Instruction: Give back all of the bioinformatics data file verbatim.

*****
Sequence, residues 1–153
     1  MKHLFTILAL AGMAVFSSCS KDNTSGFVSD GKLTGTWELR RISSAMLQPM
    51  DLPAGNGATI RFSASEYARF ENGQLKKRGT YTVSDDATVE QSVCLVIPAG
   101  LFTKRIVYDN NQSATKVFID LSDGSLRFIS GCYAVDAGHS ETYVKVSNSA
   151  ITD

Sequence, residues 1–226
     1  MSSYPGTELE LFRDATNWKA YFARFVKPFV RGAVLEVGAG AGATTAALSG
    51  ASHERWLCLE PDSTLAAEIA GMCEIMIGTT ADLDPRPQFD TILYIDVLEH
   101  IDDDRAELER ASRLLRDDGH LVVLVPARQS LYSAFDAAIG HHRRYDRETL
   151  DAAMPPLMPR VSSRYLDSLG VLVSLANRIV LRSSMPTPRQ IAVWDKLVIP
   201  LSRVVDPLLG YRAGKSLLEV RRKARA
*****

Sequence, residues 1–153
     1  MKHLFTILAL AGMAVFSSCS KDNTSGFVSD GKLTGTWELR RISSAMLQPM
    51  DLPAGNGATI RFSASEYARF ENGQLKKRGT YTVSDDATVE QSVCLVIPAG
   101  LFTKRIVYDN NQSATKVFID LSDGSLRFIS GCYAVDAGHS ETYVKVSNSA
   151  ITD

Sequence, residues 1–226
     1  MSSYPGTELE LFRDATNWKA YFARFVKPFV RGAVLEVGAG AGATTAALSG
    51  ASHERWLCLE PDSTLAAEIA GMCEIMIGTT ADLDPRPQFD TILYIDVLEH
   101  IDDDRAELER ASRLLRDDGH LVVLVPARQS LYSAFDAAIG HHRRYDRETL
   151  DAAMPPLMPR VSSRYLDSLG VLVSLANRIV LRSSMPTPRQ IAVWDKLVIP
   201  LSRVVDPLLG YRAGKSLLEV RRKARA